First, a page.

43. It has been urged that the Spiliada approach has been adopted not only in the United Kingdom but elsewhere and that for this reason we should embrace it. No doubt, if Spiliada were to enunciate a principle which commanded general acceptance among other countries, it would obviously be desirable in the interests of international comity that this Court, in common with the courts of other countries, should adopt a uniform approach. However, we are not persuaded that there exists any real international consensus favouring a particular solution to the question. Nor are we persuaded that any consensus exists among countries of the common law world. For present purposes it will be sufficient to refer to the approach taken by the Supreme Court of the United States, for this aspect of the appellant's case centred very largely on the principles sanctioned and applied in the decisions of that Court. Before doing so, we should mention that the Supreme Court of Canada has not yet had occasion to consider Spiliada. However, in Antares Shipping v. The Ship "Capricorn" (1977) 2 SCR 422, the majority appears to have applied a "more convenient and appropriate forum" test: see at pp 448, 451-454.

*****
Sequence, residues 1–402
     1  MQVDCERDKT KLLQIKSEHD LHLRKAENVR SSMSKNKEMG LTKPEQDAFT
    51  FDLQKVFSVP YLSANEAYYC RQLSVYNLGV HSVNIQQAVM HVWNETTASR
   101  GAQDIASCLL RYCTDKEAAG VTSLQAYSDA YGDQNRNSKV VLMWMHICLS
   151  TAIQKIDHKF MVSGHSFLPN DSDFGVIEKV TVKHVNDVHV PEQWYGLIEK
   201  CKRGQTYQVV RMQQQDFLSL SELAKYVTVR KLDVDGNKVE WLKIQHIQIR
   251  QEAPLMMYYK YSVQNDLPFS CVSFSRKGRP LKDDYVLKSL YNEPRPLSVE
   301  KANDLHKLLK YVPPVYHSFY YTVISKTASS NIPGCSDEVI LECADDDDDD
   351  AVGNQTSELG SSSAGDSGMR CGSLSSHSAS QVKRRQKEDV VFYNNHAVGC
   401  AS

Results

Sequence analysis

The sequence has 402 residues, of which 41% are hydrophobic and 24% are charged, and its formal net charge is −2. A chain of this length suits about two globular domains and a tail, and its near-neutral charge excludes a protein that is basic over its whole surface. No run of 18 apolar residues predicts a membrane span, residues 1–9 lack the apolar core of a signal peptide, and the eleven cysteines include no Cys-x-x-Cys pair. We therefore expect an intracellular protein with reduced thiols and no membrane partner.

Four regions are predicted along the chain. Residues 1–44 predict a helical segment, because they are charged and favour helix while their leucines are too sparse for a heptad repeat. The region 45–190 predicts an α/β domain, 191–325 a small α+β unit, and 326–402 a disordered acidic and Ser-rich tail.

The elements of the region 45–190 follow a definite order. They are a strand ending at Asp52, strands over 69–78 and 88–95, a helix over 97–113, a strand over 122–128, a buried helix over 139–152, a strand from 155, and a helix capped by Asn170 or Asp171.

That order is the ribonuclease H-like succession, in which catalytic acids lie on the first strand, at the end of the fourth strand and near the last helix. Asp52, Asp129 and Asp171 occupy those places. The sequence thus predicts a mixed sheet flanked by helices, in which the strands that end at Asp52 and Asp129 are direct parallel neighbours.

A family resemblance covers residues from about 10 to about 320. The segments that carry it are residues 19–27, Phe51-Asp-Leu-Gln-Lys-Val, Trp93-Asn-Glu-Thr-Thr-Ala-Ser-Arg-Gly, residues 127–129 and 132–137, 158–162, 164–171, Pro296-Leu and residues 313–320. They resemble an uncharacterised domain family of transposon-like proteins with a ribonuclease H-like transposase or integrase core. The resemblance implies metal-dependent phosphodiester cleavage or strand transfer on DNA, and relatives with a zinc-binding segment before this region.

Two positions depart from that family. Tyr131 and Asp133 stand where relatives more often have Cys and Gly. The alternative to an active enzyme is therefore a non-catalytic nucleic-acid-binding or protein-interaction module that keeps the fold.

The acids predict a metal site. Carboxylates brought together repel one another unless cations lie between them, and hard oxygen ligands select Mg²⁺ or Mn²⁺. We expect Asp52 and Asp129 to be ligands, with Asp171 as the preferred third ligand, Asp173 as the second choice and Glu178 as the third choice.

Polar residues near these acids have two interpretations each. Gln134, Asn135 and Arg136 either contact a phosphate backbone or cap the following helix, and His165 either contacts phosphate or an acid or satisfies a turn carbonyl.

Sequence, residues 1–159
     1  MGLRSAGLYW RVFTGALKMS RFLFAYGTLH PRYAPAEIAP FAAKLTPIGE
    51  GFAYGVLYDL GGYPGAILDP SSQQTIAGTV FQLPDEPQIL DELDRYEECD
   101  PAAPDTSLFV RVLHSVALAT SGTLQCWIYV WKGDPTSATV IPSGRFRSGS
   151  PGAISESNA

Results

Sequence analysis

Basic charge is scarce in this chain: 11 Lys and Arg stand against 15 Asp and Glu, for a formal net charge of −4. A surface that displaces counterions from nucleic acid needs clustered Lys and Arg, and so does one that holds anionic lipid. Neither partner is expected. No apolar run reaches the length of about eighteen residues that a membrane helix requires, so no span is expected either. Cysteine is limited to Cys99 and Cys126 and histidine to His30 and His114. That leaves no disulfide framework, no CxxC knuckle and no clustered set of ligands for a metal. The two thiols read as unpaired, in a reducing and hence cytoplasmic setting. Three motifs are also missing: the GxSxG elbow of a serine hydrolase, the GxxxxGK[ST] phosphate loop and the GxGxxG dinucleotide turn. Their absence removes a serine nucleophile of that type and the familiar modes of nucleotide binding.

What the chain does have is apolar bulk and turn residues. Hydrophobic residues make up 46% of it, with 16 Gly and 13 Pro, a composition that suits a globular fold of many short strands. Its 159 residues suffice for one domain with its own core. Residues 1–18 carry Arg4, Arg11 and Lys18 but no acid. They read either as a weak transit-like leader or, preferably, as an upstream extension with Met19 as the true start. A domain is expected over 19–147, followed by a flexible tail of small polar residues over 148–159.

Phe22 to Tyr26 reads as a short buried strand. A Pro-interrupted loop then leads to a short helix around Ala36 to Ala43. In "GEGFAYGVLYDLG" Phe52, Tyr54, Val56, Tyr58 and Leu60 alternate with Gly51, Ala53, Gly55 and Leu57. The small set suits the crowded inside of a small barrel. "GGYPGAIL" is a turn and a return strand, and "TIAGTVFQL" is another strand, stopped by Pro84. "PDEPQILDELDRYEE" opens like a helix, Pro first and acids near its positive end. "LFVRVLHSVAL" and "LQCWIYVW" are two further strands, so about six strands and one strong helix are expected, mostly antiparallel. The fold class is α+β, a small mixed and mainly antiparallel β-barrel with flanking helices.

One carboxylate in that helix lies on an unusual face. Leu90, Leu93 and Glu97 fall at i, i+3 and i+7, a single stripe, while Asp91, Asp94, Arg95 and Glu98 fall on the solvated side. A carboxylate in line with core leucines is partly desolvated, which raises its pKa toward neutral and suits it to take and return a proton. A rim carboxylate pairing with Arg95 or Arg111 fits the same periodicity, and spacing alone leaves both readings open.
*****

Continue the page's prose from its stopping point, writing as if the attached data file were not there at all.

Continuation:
44. Despite the appellant's submission to the contrary, the approach adopted by the Supreme Court of the United States differs from Spiliada. In Piper Aircraft Co. v. Reyno [1982] USSC 28(1981) 454 US 235, Marshall J., in delivering the majority opinion, observed (at p 241) that in its earlier decisions in Gulf Oil Corp. v. Gilbert [1947] USSC 45(1947) 330 US 501 and Koster v. Lumbermens Mutual Co. [1947] USSC 47(1947) 330 US 518 the Court stated that, though a plaintiff's choice of forum should rarely be disturbed,
"when an alternative forum has jurisdiction to hear the case, and when trial in the chosen forum would 'establish ... oppressiveness and vexation to a defendant ... out of
all proportion to (a) plaintiff's convenience', or when the 'chosen forum (is) inappropriate because of considerations affecting the court's own administrative and legal problems,' the court may, in the exercise of its sound discretion, dismiss the case. Koster, supra, at 524."
This test is more favourable to the plaintiff than Spiliada and, perhaps, is closer to the "clearly inappropriate forum" test but differs in that it takes account of the selected forum's administrative problems, e.g., congested lists and lack of judicial resources, these being matters of a kind to which our courts do not usually have regard: Oceanic Sun, at p 254. Accordingly, the United States approach does not support the appellant's case.
Should the same principles govern applications for a stay of proceedings and applications to set aside service of process outside the jurisdiction?.....